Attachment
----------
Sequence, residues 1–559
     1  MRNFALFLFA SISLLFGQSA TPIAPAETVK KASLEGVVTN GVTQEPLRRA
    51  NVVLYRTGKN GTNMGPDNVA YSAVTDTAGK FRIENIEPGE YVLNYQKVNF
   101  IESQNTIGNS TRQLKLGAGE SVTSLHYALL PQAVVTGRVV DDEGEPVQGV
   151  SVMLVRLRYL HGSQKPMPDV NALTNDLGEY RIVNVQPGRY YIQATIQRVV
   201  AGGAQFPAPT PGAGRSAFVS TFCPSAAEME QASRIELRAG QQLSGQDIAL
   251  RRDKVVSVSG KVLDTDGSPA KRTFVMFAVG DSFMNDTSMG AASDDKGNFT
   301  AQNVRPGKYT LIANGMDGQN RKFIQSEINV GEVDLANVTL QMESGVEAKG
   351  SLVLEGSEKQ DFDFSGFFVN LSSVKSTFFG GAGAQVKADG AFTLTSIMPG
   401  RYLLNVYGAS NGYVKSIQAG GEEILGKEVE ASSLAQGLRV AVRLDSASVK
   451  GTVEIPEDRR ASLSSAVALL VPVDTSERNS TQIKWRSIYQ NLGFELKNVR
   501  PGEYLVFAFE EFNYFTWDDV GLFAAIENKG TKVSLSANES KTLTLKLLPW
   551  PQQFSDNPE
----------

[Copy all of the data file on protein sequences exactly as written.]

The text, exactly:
Sequence, residues 1–559
     1  MRNFALFLFA SISLLFGQSA TPIAPAETVK KASLEGVVTN GVTQEPLRRA
    51  NVVLYRTGKN GTNMGPDNVA YSAVTDTAGK FRIENIEPGE YVLNYQKVNF
   101  IESQNTIGNS TRQLKLGAGE SVTSLHYALL PQAVVTGRVV DDEGEPVQGV
   151  SVMLVRLRYL HGSQKPMPDV NALTNDLGEY RIVNVQPGRY YIQATIQRVV
   201  AGGAQFPAPT PGAGRSAFVS TFCPSAAEME QASRIELRAG QQLSGQDIAL
   251  RRDKVVSVSG KVLDTDGSPA KRTFVMFAVG DSFMNDTSMG AASDDKGNFT
   301  AQNVRPGKYT LIANGMDGQN RKFIQSEINV GEVDLANVTL QMESGVEAKG
   351  SLVLEGSEKQ DFDFSGFFVN LSSVKSTFFG GAGAQVKADG AFTLTSIMPG
   401  RYLLNVYGAS NGYVKSIQAG GEEILGKEVE ASSLAQGLRV AVRLDSASVK
   451  GTVEIPEDRR ASLSSAVALL VPVDTSERNS TQIKWRSIYQ NLGFELKNVR
   501  PGEYLVFAFE EFNYFTWDDV GLFAAIENKG TKVSLSANES KTLTLKLLPW
   551  PQQFSDNPE